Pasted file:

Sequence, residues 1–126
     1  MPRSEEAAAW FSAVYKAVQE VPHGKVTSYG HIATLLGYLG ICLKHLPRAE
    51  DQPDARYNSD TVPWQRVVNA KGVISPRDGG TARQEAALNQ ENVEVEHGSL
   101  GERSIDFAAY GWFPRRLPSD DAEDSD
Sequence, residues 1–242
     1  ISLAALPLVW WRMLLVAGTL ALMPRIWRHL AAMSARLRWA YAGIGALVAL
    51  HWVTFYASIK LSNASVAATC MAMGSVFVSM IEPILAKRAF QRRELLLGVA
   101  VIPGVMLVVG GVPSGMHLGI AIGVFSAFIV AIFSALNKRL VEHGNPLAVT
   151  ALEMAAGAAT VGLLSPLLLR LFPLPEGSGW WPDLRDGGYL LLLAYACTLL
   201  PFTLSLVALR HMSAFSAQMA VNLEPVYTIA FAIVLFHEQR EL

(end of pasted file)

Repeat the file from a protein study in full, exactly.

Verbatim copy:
Sequence, residues 1–126
     1  MPRSEEAAAW FSAVYKAVQE VPHGKVTSYG HIATLLGYLG ICLKHLPRAE
    51  DQPDARYNSD TVPWQRVVNA KGVISPRDGG TARQEAALNQ ENVEVEHGSL
   101  GERSIDFAAY GWFPRRLPSD DAEDSD
Sequence, residues 1–242
     1  ISLAALPLVW WRMLLVAGTL ALMPRIWRHL AAMSARLRWA YAGIGALVAL
    51  HWVTFYASIK LSNASVAATC MAMGSVFVSM IEPILAKRAF QRRELLLGVA
   101  VIPGVMLVVG GVPSGMHLGI AIGVFSAFIV AIFSALNKRL VEHGNPLAVT
   151  ALEMAAGAAT VGLLSPLLLR LFPLPEGSGW WPDLRDGGYL LLLAYACTLL
   201  PFTLSLVALR HMSAFSAQMA VNLEPVYTIA FAIVLFHEQR EL